Rijksmuseum set for grand reopening in Amsterdam
When Queen Beatrix of the Netherlands officially reopens the Rijksmuseum next week, it will mark the end of a painful restoration project.
The work ran five years over schedule and millions of euros over budget.
The Dutch state museum has been closed since 2003. Renovation was delayed by flooding, asbestos and a dispute over access for cyclists.
"It was kind of Murphy's Law," says museum director Wim Pijbes. "What could go wrong did go wrong."
Pijbes added: "It has been closed for 10 years, but now it can go on for decades."
On Wednesday, Johannes Vermeer's The Milkmaid was rehung, making it the last major work to return to the museum in the heart of Amsterdam.
It sits in the Gallery of Honour, a breathtaking cathedral to the Dutch Golden Age, showcasing works by Rembrandt, Jan Steen and Frans Hals.
The old masters draw the eye, but so do the intricately decorated ceilings and pillars that frame them - all painstakingly recreated after being painted over in the post-war years.
In the halls flanking the grand gallery, the decoration is more modern. British artist Richard Wright, a former Turner Prize winner, has dusted the ceilings with almost 50,000 stars, hand-painted in a swirling, shifting constellation.
It all serves to set up the Rijksmuseum's biggest star - Rembrandt's Night Watch.
A gigantic Baroque painting of 17th Century city guards teeming with drama and movement, it is the only work to be hung in its original place.
"Everything has changed," says Taco Dibbits, the museum's director of collections.
"We have more than one million objects and we used to display them by material. You had a gallery for glass, a gallery for porcelain, a gallery for paintings.
"Now we have mixed all the media and presented the visitor the story of art from the Middle Ages to the 20th Century."
End Quote Taco Dibbits Rijksmuseum director of collections
It's the story of art from the Middle Ages to the 20th Century”
So the museum's paintings mingle among cabinets, kitchenware, magazine covers, doll's houses and pottery in a splendid, higgledy-piggledy array.
It illustrates the cross-pollination between decorative and visual art - for instance, how Japanese prints inspired a Parisian vase-maker, whose designs prompted Van Gogh to paint Amandelboom In Bloei (Almond Tree In Bloom) - but it also presents some striking juxtapositions.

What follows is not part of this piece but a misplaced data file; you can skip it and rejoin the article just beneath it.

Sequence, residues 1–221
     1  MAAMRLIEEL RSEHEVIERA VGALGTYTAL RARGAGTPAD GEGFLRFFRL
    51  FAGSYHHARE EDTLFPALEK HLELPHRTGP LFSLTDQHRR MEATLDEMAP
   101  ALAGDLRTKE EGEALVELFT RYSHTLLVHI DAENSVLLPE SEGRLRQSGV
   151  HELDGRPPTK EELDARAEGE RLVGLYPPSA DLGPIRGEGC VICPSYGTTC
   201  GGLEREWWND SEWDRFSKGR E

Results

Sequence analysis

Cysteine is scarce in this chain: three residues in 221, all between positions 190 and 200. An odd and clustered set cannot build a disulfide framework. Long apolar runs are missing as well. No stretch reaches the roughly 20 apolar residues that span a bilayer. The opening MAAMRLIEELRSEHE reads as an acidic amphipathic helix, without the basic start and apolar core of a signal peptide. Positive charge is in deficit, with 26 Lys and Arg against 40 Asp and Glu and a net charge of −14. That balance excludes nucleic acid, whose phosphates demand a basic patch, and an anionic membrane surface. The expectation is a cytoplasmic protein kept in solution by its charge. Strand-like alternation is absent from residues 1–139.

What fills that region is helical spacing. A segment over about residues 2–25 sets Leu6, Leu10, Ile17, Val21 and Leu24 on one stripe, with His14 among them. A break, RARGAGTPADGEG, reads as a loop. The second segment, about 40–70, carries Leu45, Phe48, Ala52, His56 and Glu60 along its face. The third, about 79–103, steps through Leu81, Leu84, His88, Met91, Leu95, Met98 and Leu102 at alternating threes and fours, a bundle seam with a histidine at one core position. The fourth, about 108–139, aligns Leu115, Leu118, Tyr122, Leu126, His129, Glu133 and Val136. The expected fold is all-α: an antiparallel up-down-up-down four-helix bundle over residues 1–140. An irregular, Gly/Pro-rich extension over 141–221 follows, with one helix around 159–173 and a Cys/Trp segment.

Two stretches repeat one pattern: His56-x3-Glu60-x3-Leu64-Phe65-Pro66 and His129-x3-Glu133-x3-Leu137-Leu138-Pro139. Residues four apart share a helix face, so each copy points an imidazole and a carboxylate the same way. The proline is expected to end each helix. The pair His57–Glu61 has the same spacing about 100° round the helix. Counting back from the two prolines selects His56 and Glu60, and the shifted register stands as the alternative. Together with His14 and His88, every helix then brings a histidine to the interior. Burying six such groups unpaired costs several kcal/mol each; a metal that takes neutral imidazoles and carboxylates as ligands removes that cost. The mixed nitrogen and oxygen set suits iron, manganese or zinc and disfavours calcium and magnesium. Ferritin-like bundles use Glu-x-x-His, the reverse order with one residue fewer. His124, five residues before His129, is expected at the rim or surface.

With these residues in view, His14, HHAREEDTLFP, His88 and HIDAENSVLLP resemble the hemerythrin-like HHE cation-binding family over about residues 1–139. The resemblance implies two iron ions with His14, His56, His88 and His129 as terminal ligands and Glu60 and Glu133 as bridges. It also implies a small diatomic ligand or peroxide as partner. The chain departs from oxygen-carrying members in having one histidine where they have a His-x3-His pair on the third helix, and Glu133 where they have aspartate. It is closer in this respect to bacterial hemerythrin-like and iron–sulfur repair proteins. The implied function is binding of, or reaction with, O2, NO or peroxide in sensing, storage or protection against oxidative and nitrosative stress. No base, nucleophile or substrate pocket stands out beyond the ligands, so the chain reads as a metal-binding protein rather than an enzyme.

In the 20th Century Gallery, a kitsch German chess set, with snipers as pawns and a Panzer tank for the kings, is vaguely comedic, until visitors notice the Auschwitz prison uniform worn by 16-year-old Dutch girl Isabel Wachenheimer, which hangs silently nearby in grim disapproval.
As Dibbets observes: "The works talk to each other".Under water
In total, there are 800 years of Dutch history retold in more than 8,000 objects across the Rijksmuseum's 80 galleries.
There is a brand new entrance hall in the shape of a voluminous atrium, flooded with natural light from the five-storey-high glass ceiling.
Pijbes describes it as Amsterdam's equivalent to Tate Modern's Turbine Hall - a free-to-enter public auditorium that will host performances, parties and new exhibits.
By tunnelling under a cycle path that runs through the centre of the museum (the proposed closure of which caused uproar) it unites the east and west wings for the first time. It also created a few headaches.
"We found beautiful new spaces, but being below the building means you dig into water," Pijbes says.
In fact, with Amsterdam already under sea level, digging down meant the Rijksmuseum flooded. Workers floated around in dinghies as they fought the water table.
Even now, sceptics wonder if the museum is jeopardising its collection.
"For foreigners, it is really frightening to be under sea level, and even more frightening to have the collection below sea level," says Pijbes.
"But for the Dutch, it's everyday life."
He insists that "complex engineering work" means the lower galleries are safe. But these aren't the only measures taken to protect the artworks.
The museum is newly illuminated by 3,800 individual LED lights, which lack the paint-destroying heat and UV rays of incandescent bulbs.
They were installed by Dutch lighting specialists Philips, who also claim the LEDs enhance the viewing experience.
"Incandescent lights focus on ambers and reds," says the company's chief design officer, Rogier van der Heide. "The LED adds a beautiful return of the blues and greens. The cooler colours are clearer... So we get to see the full beauty of the colour spectrum."
Visitors will get to decide for themselves when the Rijksmuseum throws open its doors on 13 April.
After the gala opening, hosted by the abdicating Queen, the first day's entry will be free. After that, the directors predict more than two million people will come to the gallery every year, restoring it as one of Europe's most important museums.
What's more, Dibbets hopes visitors will leave with an appreciation of how art and society developed hand-in-hand over the last eight centuries.
"Chronology is a fantastic way of ordering your memories," he says, "and this museum is the memory of The Netherlands."